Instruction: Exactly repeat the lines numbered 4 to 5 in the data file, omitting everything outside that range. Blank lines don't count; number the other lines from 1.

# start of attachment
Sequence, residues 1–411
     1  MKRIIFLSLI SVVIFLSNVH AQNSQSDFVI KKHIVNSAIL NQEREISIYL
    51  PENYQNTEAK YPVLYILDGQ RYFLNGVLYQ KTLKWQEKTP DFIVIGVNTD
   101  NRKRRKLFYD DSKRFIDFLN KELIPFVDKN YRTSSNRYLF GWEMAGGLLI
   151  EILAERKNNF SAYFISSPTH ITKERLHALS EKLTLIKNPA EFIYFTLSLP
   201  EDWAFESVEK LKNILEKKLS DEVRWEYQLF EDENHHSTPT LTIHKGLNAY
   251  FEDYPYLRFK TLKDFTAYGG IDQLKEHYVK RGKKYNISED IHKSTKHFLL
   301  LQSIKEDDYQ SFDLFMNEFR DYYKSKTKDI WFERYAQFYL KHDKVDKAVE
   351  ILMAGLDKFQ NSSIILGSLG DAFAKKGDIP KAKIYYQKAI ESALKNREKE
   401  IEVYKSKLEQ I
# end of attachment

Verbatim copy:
   101  NRKRRKLFYD DSKRFIDFLN KELIPFVDKN YRTSSNRYLF GWEMAGGLLI
   151  EILAERKNNF SAYFISSPTH ITKERLHALS EKLTLIKNPA EFIYFTLSLP